On Friday, July 25, 2014, the House will consider H.R. 4935, the Child Tax Credit Improvement Act of 2014, under a rule. H.R. 4935 was introduced on June 23, 2014 by Rep. Lynn Jenkins (R-KS) and referred to the Committee on Ways and Means, which ordered the bill favorably reported, as amended, by a vote of 22-15.
 See Committee Report 113-527, at 5.
H.R. 4935 makes the current child tax credit more accessible and equitable by increasing the phase-out threshold for the credit for couples filing joint tax returns from $110,000 to $150,000 ($75,000 for individual and married taxpayers filing separately). The bill also indexes for inflation the phase-out threshold for the $1,000 credit beginning in calendar year 2015 as well as indexes the credit for inflation to the nearest multiple of $50. The bill also requires filers to include their social security number on their tax returns in order to access the refundable portion of the child tax credit (sometimes referred to as the Additional Child Tax Credit (ACTC)).
Under current law, an individual may claim a tax credit of $1,000 for each qualifying child under the age of 17. However, the credit amount that may be claimed is phased out for individuals with modified adjusted gross income (MAGI) over a certain amount. The credit is reduced by $50 for each $1,000 of MAGI over the threshold ($75,000 for unmarried individuals; $110,000 for married individuals filing joint returns; and $55,000 for married individuals filing separate returns). Neither the MAGI nor the $1,000 credit amount thresholds are indexed for inflation. This is problematic, as the cost of raising a child has increased by approximately 4.4% per year since 1960 according to the Department of Agriculture. Changing the MAGI threshold phase-out for married couples filing jointly eliminates the marriage penalty embedded in the current child tax credit structure.
By eliminating the marriage penalty in the child tax credit (i.e. increasing the income phase-out threshold) and indexing the income phase-out and credit amount for inflation, H.R. 4935 provides equitable treatment to married couples and ensures that the credit is not eroded by inflation.
Moreover, the bill brings parity to the requirements that tax filers must meet. Currently, individuals who are ineligible to work in the U.S. (and thus are ineligible for a SSN) can obtain an Individual Taxpayer Identification Number (ITIN) for tax purposes. Although Congress enacted legislation making individuals without SSNs ineligible to receive the Earned Income Tax Credit (EITC), it did not institute the same limitations on the ACTC. The Treasury Department has since taken the position that it lacks the statutory authority to limit the ACTC to only those who have SSNs. Thus, individuals ineligible to work in the U.S. may receive the refundable portion of the child tax credit, resulting in approximately 2.3 million filers without SSNs receiving $4.2 billion in benefits under the ACTC in 2010 alone, according to the Treasury Inspector General for Tax Administration.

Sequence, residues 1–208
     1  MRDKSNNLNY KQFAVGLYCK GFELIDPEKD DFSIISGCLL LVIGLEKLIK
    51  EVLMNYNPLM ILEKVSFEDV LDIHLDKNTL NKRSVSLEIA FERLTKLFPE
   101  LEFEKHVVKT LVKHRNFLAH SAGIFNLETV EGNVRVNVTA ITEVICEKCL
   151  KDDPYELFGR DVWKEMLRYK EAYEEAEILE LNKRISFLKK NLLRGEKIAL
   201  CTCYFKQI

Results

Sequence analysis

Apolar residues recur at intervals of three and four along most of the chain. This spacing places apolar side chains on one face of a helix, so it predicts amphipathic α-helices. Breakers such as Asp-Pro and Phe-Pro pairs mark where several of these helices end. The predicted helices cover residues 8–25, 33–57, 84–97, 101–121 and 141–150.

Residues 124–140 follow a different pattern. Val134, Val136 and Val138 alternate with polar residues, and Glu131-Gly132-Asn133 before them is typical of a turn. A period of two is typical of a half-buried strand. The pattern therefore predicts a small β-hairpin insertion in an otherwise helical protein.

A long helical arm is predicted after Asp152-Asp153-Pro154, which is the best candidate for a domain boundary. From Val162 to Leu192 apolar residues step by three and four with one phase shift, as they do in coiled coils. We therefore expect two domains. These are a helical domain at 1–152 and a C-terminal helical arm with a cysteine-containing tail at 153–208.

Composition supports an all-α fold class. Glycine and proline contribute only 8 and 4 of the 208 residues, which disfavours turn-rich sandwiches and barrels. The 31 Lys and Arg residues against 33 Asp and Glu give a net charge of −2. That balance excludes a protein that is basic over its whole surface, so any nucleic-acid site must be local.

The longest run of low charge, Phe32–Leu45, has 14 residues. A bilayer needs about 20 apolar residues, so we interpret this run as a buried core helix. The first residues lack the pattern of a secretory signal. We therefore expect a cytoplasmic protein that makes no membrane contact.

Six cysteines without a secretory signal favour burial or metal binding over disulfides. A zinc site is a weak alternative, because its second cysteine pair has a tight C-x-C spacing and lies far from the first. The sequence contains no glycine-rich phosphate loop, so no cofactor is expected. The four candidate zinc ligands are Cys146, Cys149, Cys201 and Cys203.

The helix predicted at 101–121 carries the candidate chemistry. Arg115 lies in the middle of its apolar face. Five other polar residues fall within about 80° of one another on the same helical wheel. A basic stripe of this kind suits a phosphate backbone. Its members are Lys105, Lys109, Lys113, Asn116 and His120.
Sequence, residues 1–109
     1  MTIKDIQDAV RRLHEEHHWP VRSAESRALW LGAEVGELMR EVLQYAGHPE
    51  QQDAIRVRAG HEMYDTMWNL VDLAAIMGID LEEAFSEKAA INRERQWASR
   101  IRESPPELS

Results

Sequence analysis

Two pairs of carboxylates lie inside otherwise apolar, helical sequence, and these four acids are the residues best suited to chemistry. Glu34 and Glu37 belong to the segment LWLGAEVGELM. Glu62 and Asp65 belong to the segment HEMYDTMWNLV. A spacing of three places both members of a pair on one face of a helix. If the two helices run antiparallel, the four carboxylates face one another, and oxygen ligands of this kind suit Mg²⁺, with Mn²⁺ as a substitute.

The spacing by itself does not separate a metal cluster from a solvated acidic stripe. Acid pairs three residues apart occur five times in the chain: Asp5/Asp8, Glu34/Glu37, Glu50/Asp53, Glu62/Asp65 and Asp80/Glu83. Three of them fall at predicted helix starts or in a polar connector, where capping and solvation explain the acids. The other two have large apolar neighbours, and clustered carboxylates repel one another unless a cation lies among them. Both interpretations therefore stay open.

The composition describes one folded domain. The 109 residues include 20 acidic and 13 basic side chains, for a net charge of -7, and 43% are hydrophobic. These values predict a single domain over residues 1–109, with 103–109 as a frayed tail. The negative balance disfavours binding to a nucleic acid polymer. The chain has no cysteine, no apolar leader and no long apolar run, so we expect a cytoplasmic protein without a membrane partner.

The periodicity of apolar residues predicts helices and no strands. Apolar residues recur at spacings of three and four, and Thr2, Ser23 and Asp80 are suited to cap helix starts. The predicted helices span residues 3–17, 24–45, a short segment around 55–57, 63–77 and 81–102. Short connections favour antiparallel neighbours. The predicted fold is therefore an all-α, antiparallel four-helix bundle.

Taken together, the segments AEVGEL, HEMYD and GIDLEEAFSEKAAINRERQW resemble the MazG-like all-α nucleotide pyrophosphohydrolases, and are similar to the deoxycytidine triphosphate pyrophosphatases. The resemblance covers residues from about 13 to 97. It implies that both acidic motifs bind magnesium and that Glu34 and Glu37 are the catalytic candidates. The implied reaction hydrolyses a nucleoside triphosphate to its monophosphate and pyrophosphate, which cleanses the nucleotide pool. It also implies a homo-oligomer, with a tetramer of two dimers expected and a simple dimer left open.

Note: “A child who is not a citizen, national, or resident of the United States cannot be a qualifying child.” See Committee Report 113-527, at 3.
 Id. at 3.
 Id. at 3.
 Id. at 2.
The Joint Committee on Taxation (JCT) estimates that enacting this legislation would reduce revenue by about $93.9 billion and decrease outlays by $3.5 billion over the 2014-2024 period.
 http://www.cbo.gov/sites/default/files/cbofiles/attachments/hr4935.pdf. Note: The original bill scored as increasing direct spending by $21.0 billion over the 2014-2024 period. However, the provision requiring individuals to submit a Social Security Number was scored as reducing outlays by $24.5 billion over the 2014-2024 period, resulting in a net decrease in outlays.
For questions or further information contact the GOP Conference at 5-5107.
STATEMENT OF ADMINISTRATION POLICY
H.R. 4935 – Child Tax Credit Improvement Act of 2014
(Rep. Jenkins, R-Kansas, and 3 cosponsors)
The Administration opposes H.R. 4935, which would add nearly $100 billion to deficits over 10 years to expand the Child Tax Credit, including by increasing eligibility for higher income households, while at the same time reducing or eliminating the credit for millions of working parents.
After 2017, H.R. 4935 would effectively eliminate the Child Tax Credit for 5 million families, while cutting it for 6 million more. A single parent with two children working full-time at minimum wage would lose her entire tax credit of $1,725. Meanwhile, a couple with two children with income of $150,000 would receive a Child Tax Credit $2,200 larger than today. In addition, H.R. 4935 would immediately eliminate the Child Tax Credit for millions of American children whose parents immigrated to this country, including U.S. citizen children and “Dreamers,” and would push many of these children into or deeper into poverty.
The Administration strongly supports tax relief for working and middle-class families. H.R. 4935, however, would raise taxes for millions of struggling working families while enacting expensive new tax cuts without offsetting their costs, reflecting fundamentally misplaced priorities. If Republicans want to show they are serious about helping working families through the Child Tax Credit, they should start by extending current provisions past 2017.
If the President were presented with H.R. 4935, his senior advisers would recommend that he veto the bill.